Abandoned Ferris wheel

IMG_0300Ferris wheel, Toktogul, Kyrgyzstan

One of the enduring images from Pripyat, the main town in Ukraine’s Chernobyl disaster region, is that of an abandoned amusement park. A totem for the fall from innocence, here are rides that children once played upon but will never do so again. Rising above the park is an abandoned yellow Ferris wheel – a dejected structure that has fallen in grace from a onetime wheel of fun and joy to a symbol of nuclear catastrophe.

At one time Ferris wheels could found in most Soviet towns of a certain size. One former SSR state I know better than most is the central Asian republic of Kyrgyzstan, a country named after the once-nomadic people indigenous to the region. With three revolutions now since its independence in 1991, it is classic example of a territory in transition, a new country of arbitrarily imposed political boundaries that is still trying to find its feet.

IMG_1250View of Manas Square from Bishkek Ferris wheel, Kyrgyzstan

To my knowledge there are at least four Ferris wheels that stand in Kyrgyzstan today, although there may be more. The one in Panfilov Park in the heart of the Kyrgyz capital Bishkek has been upgraded in recent years to replace the somewhat creakier Soviet-era one that stood before. Kyrgyzstan’s second city of Osh in the south of the country has another. This Ferris wheel is older (and a little cheaper) than its Bishkek rival and stands in a city park close to the rather desultory canalised river that flows through the city. Alongside the wheel is decommissioned Aeroflot Yak-40 that has been repurposed as a children’s playground. Both Bishkek and Osh wheels afford excellent city views for an outlay of just a few Kyrgyz som.

IMG_1254Panfilov Park, Bishkek, Kyrgyzstan

There is another wheel, said to be the largest in the country, in the resort of Bosteri on the north shore of Lake Issyk-Kul but the other Kyrgyzstan Ferris wheel that I have personal experience of can be found in the small town of Toktogul halfway between Bishkek and Osh. Skeletal and long abandoned, this one is found at the edge of a leafy park next to a crumbing sports stadium. Old-fashioned fairground rides can still be found in some of the clearings; the wheel, though, no longer turns. With its seats removed – for their scrap value presumably – and left to the attention of the elements, the wheel, framed against the blue central Asian sky, evokes an air of melancholia. Argumentative crows perpetually flock around the structure as if it had always been theirs to inhabit, taunting its immobility with wheeling flight. At one time this over-sized bicycle wheel delighted children and adults alike with its thrilling views of Toktogul Reservoir and the snow-capped peaks of the Fergana mountains beyond. Now it is a wheel that no longer wheels; a rusting reminder of a half-forgotten past unknown to the children who visit the park today.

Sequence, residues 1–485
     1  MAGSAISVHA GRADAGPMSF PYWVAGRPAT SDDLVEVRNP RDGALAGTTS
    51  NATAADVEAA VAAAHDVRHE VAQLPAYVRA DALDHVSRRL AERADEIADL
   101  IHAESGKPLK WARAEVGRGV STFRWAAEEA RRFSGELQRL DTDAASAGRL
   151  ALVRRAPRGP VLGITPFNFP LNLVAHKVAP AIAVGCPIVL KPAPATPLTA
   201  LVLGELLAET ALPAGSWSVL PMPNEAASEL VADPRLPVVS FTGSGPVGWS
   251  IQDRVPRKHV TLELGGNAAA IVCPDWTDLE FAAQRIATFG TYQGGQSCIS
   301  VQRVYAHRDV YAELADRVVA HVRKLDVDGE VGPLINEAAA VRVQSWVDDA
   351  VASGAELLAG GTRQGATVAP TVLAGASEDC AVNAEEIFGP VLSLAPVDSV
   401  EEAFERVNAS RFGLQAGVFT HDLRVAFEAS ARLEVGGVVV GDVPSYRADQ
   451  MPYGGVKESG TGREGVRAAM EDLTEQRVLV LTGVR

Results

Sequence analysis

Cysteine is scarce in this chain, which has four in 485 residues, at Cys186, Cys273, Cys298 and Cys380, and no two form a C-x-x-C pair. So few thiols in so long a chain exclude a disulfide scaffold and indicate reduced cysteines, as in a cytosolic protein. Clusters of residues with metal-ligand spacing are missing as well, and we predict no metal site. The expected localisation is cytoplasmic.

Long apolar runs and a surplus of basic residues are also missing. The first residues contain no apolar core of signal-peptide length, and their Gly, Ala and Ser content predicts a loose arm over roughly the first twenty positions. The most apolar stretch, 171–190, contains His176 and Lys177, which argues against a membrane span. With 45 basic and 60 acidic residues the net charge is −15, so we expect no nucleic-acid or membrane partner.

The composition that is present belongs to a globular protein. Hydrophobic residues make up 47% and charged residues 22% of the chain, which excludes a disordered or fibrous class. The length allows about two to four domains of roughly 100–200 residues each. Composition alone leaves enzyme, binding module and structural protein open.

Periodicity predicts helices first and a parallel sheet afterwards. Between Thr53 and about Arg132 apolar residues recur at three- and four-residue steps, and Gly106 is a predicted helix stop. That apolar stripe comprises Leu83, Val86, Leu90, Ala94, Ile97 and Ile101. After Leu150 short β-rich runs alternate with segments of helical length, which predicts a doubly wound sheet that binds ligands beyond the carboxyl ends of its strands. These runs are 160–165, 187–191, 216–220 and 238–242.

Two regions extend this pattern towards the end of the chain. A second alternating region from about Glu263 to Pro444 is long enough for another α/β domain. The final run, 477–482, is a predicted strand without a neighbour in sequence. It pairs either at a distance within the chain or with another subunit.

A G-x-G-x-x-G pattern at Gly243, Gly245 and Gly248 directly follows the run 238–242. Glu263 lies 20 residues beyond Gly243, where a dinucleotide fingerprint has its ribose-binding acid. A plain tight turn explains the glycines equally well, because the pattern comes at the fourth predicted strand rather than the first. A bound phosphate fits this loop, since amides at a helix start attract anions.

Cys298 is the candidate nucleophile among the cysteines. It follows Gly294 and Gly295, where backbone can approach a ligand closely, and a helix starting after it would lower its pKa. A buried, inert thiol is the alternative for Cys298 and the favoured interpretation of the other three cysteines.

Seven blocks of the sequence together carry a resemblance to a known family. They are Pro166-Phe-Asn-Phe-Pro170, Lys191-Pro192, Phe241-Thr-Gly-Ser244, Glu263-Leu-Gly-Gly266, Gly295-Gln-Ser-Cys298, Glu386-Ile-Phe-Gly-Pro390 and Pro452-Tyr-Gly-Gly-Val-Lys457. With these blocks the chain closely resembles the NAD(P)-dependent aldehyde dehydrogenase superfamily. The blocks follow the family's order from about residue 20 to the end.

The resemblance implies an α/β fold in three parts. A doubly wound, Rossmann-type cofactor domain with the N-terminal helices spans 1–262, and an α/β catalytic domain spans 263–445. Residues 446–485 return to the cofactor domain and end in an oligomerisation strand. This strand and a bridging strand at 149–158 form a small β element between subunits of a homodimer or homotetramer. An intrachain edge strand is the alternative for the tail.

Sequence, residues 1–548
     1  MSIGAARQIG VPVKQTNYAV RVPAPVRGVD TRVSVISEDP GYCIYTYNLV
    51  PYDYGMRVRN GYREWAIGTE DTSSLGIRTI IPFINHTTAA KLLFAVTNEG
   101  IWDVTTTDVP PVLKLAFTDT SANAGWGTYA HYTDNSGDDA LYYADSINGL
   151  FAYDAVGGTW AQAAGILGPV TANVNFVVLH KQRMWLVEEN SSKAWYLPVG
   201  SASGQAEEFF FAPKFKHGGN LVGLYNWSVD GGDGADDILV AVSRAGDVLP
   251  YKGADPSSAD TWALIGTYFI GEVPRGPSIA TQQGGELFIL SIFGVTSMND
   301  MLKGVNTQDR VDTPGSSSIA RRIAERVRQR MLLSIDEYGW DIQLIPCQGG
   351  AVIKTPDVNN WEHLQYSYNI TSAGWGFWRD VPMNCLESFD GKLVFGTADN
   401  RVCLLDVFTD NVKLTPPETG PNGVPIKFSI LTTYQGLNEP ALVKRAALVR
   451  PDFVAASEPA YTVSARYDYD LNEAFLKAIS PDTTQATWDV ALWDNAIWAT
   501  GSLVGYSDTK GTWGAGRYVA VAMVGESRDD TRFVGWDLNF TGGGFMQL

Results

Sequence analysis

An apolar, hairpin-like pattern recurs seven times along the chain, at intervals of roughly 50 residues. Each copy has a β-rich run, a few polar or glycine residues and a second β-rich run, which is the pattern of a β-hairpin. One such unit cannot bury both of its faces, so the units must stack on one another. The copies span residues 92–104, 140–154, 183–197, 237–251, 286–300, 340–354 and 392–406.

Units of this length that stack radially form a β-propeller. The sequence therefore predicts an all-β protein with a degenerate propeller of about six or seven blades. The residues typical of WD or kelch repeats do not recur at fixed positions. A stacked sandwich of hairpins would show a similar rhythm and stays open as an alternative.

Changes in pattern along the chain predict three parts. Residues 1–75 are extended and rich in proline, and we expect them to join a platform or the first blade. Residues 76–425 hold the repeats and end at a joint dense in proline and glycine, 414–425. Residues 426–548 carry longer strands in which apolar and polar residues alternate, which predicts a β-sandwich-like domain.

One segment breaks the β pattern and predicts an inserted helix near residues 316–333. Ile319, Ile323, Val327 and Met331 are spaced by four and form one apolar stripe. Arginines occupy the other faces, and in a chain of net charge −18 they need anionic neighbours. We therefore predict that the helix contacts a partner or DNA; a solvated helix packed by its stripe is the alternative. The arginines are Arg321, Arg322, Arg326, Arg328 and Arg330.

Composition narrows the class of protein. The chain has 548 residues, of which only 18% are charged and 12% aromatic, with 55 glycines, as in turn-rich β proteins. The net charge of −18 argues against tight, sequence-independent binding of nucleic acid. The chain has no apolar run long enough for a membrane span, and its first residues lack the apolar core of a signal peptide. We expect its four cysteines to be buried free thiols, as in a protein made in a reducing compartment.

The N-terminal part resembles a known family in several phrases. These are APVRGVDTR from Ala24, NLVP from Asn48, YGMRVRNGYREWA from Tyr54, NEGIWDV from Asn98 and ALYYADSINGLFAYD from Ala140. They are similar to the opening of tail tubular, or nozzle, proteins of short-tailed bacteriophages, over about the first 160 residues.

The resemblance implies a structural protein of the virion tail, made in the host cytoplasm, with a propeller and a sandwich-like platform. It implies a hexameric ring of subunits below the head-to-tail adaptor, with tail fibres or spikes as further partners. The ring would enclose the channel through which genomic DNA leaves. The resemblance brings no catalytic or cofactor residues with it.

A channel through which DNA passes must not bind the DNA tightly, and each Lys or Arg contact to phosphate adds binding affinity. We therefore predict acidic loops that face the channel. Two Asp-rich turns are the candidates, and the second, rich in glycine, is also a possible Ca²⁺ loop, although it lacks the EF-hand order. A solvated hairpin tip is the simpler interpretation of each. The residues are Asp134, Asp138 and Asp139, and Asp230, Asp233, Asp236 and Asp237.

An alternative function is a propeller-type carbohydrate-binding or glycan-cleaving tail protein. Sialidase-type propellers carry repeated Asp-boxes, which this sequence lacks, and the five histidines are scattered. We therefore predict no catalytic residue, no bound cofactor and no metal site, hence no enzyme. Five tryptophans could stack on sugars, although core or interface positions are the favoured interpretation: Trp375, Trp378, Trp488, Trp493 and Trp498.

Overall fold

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Crows and abandoned Ferris wheel, Toktogul, Kyrgyzstan

All photographs ©Laurence Mitchell

If you are curious to discover more about Kyrgyzstan you might want to try this…

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Osh Bazaar

IMG_9760The first thing to know is that it isn’t in Osh. Rather, it is in the capital Bishkek. Why this bazaar shares the name of Kyrgyzstan’s second city is uncertain. Perhaps it’s because it is here that you come to look for a shared taxi ride south to Osh; or maybe it is something to do with the shout of the porters as they work their way through the crowd asking shoppers to move out of the way – “(b)osh, (b)osh”? No matter, there is no confusion when you get here as the bazaar’s name is spelled out in big red letters on the large arch that marks its entrance. In Cyrillic script OSH looks more like OW, but there’s no exclamation mark à la Devon’s Westward Ho!IMG_9761Osh Bazaar, just west of the city centre near the main bus station is Bishkek’s best known market, although not its largest – for that you need to travel just north of the city limits to Dordoi Bazaar where you’ll find thousands of stacked shipping containers serving as shops. Osh Bazaar is more traditional – no shipping containers, just hundreds of small shops and a couple of huge hangars that have stalls selling everything that you might imagine along with a few items that you might not. Mostly though, it is food and drink – fruit, vegetables, meat, dairy and baked goods. This is the place to come for Kyrgyz specialities like kumys (fermented horse milk) or kuruut (sour yoghurt balls) but pretty well anything can be found here with diligent searching. If it is angels’ tears or unicorn ham that you need then Osh Bazaar is probably your best bet in the city.IMG_9763My last visit was early last summer on a scorching day with temperatures nudging 40 degrees centigrade. Osh Bazaar has something of a reputation for dodgy plainclothes policemen who home in on obvious foreigners to ask for passports and the handing over of foreign currency ‘to count’. Perhaps it was just too hot to bother that day – or maybe I just looked like an ethnic Russian local (unlikely) – but there was no sign of them. Just heat-frazzled shoppers and exhausted stall holders dozing between customers.IMG_9737IMG_9756IMG_9753IMG_9748untitled